Sunday, August 28, 2022

About Time

     The ancient Greeks had two different words for time: Chronos and Kairos. You could think of them as left-brain time and right-brain time. Chronos is the kind of time measured by clocks and calendars, by which we make appointments and set deadlines, and generally coordinate our activities with those of other people who aren't alongside us all day long. It's linear, it's sequential, it runs out. Chronos can be wasted by procrastination or indecision, maximized by efficiency, extended with a healthy lifestyle ... but nothing in the world stops it. It is relentless, bearing each of us onward from birth to inevitable death, with (sometimes it feels like) nothing but shoulds and musts, hurry up, and what might have been in between.

    Kairos is a whole different kind of time. Kairos doesn't point to "2:00 next Friday," or "when you turn 30," it points to "when the time is right." When the idea has matured, when the market is ready, when the kids have started school, when the rains come, when the fish are biting, after the last hard frost, when you've learned all you care to learn about your field and it stops being challenging, when you realize it's still challenging but for all the wrong reasons, when your children have their first children.... Lunchtime, according to Chronos, is 12:00; according to Kairos, it's when you feel hungry. Time to go to work is Chronos; Sabbath is Kairos.

    Both kinds of time are important to live by. My life, as a monastic contemplative, is ordered by Chronos in the forms of the liturgical year, with its seasons and feasts, and the daily liturgy of the hours, with its bells ringing at set times throughout the day to call me back to prayer and meditation. That actually helps me to stay balanced in Kairos, because every bell is another opportunity to reassess where I am in my day: is it the right time for a meal, or a walk, or another glass of water or cup of coffee? What is on my to-do list, and do I need to make any adjustments to stay (or get back) on track? Is there a friend or relative on my mind, who I want to reach out to? Is there anything I want take some time to explore in my journal, maybe about something I've read, or what came up in meditation this morning?

    I can use Chronos to remind myself to periodically (put it on my calendar, daily, weekly, yearly) spend some time comparing my daily left-brain tasks against my big-picture, right-brain, vision and values. How is my interior life, how am I wearing the title "contemplative"? Am I getting lost in the weeds? Am I using a fussy little to-do list to avoid the anxiety of big decisions and big plans? Is the life I have leading me to the life I want? Do I have any clear picture of the life I want, or any sort of road map from here to there? Am I stuck in a rut, or spinning my wheels with no direction? 

    Chronos is good, but we get tyrannized by it, too. We think we should always be productive. We think we should have it all and do it all, and we feel like failures when that turns out to be false advertising. We're afraid of missing out. And those of us with ADHD have this extra layer of so-called "time-blindness." Really, it's "Chronos-blindness," but making up for it can be such a burden that it robs us of our Kairos time, too. I am far luckier than most people, because I have a pension, which frees me from a lot of the tyranny of Chronos, and I find that since I stopped working for a living I stopped being late for absolutely everything. But even neurotypicals in our modern culture are weighed down by Chronos, with its "shoulds" and its "musts," its "hurry up" and its "what might have been."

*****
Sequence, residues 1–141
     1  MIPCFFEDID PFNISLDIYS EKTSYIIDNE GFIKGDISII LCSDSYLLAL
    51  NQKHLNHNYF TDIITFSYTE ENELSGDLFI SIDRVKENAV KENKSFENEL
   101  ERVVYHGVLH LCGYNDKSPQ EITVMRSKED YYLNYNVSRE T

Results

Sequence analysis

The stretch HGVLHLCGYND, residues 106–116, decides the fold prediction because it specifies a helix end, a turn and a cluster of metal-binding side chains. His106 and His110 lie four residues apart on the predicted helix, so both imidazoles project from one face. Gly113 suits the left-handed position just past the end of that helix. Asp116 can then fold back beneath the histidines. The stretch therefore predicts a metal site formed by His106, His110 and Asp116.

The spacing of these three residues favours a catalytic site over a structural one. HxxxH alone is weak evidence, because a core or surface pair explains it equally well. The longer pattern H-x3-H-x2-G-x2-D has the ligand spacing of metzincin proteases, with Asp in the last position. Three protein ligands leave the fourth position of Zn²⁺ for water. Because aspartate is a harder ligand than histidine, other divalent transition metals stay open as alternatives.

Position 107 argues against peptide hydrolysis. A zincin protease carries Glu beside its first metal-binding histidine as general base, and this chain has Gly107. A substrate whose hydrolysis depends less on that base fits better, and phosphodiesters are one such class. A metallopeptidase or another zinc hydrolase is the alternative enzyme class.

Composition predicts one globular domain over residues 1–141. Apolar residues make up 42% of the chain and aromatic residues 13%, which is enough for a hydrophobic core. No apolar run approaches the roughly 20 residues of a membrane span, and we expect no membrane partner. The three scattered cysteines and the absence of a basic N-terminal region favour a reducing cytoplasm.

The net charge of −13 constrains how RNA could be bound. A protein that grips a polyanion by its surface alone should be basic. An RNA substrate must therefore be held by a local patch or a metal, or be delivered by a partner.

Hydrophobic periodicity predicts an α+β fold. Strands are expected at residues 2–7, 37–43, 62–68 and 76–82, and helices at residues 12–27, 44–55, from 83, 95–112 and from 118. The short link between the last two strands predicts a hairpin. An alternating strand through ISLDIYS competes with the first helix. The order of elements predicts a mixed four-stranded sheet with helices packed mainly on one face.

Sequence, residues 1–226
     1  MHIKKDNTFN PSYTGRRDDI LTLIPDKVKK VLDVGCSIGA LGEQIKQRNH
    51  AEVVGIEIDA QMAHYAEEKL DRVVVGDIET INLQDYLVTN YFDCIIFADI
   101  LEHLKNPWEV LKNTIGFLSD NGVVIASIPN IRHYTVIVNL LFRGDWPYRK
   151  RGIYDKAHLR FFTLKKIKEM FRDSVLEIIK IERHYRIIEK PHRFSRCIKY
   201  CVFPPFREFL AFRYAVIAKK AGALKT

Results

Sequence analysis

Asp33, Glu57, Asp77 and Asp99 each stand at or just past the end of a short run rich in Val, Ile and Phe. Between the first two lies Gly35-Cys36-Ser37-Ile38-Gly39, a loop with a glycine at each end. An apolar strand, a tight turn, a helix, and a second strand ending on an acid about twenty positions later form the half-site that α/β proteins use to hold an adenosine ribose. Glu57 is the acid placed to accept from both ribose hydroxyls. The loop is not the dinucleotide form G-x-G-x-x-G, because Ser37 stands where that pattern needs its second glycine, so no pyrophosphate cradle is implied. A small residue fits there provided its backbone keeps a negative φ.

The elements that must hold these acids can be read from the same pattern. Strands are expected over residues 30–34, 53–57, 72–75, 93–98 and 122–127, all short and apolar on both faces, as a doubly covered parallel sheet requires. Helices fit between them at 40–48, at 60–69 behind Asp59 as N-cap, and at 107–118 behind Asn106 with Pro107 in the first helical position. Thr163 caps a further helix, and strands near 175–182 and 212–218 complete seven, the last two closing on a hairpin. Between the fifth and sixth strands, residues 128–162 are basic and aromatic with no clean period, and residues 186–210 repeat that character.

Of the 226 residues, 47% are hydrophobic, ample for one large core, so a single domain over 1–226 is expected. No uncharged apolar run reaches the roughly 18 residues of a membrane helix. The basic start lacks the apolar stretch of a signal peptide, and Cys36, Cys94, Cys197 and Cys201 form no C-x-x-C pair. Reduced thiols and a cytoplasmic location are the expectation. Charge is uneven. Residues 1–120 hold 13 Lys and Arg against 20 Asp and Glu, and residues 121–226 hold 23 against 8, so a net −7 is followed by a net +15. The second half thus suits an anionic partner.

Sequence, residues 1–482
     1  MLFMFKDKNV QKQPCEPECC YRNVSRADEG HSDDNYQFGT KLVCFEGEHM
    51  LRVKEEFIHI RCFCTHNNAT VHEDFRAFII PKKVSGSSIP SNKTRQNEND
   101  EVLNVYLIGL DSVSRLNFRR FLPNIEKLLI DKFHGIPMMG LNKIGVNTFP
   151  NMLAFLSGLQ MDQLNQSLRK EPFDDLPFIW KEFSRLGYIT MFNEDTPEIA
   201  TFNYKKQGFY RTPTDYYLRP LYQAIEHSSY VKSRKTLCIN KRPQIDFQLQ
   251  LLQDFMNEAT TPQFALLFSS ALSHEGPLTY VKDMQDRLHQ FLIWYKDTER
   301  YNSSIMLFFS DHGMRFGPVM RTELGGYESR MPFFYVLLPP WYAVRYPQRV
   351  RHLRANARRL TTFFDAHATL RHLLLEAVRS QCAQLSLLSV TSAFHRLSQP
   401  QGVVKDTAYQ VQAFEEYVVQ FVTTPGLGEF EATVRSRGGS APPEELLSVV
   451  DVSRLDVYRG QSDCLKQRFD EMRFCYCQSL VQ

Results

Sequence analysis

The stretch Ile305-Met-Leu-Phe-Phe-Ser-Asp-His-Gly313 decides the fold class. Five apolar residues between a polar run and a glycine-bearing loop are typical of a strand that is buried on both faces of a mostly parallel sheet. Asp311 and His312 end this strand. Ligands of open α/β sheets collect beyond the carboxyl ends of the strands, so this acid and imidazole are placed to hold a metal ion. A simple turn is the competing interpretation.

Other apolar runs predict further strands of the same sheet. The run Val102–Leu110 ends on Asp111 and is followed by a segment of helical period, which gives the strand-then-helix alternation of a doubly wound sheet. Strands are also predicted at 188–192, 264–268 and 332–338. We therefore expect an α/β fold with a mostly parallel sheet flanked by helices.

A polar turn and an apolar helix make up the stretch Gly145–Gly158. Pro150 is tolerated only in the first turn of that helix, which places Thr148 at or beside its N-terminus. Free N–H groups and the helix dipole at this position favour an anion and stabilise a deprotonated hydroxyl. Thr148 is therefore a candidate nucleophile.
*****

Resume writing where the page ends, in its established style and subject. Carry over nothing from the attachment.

So, how do you escape that tyranny if you're not lucky enough to be able to quit your job already? The first, most important thing: take your time. By this, I mean schedule down time first. The ancient Israelites made the Sabbath one of their most important laws. I don't know what was in the lawmakers' minds, or what social sweet spot it hit, that made "stop, rest, all of you, for a whole day every week" into a bedrock of a whole national culture. Not a rich, comfortable, privileged culture, either, but one that lived by agriculture in an arid, rocky land that was always being fought for with its neighbors. What an amazing historical phenomenon the Sabbath is!

    And OK, so maybe that's hard to implement in a society that doesn't all observe that same rule together. And maybe, it was made in an agrarian society, where both men and women worked at or around the home, so housework and gardening and marketing and all were normally done as part of "work," not crammed into the evenings and weekends. But with all that, we need some down time. We need time to sit and read, or go for a walk, or play fetch with the dog, or go on a picnic with the kids, or paint. I know we also need to do things that bring in money to keep a roof over our heads -- but to avoid burnout over time, we need to rest and relax sometimes.

    There are other things to do to put Chronos in its place. Learning to say "no" is a very big one. Simplifying our lives and spaces. Getting clear about our long-term vision. Embracing the power of choice instead of the illusion of "having it all." Celebrating each year with gratitude and grief for what has been, to make heart-room for what is to come. Practicing mindfulness in all the ways. Paying attention to now, and questioning our assumptions about who we are and what we're capable of.

    But observing Sabbath-time -- whether that is literally a day a week, or 15 minutes a day plus an hour on the weekend, or whatever you can manage now -- scheduling down time, putting it first, not sacrificing it to the ideal of "productivity," is a really important part of re-balancing Chronos and Kairos. Try it. You'll like it!

~~~ PEACE ~~~

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